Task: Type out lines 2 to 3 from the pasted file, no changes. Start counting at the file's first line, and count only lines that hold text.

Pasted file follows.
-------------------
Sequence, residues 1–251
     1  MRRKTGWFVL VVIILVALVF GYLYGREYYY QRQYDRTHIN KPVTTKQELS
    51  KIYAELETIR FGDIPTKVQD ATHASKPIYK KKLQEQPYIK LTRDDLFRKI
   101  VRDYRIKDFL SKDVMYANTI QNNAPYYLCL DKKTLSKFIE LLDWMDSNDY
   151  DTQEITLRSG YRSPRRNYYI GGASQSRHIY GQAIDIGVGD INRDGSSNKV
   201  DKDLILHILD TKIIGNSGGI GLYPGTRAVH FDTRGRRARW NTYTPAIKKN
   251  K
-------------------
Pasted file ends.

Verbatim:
     1  MRRKTGWFVL VVIILVALVF GYLYGREYYY QRQYDRTHIN KPVTTKQELS
    51  KIYAELETIR FGDIPTKVQD ATHASKPIYK KKLQEQPYIK LTRDDLFRKI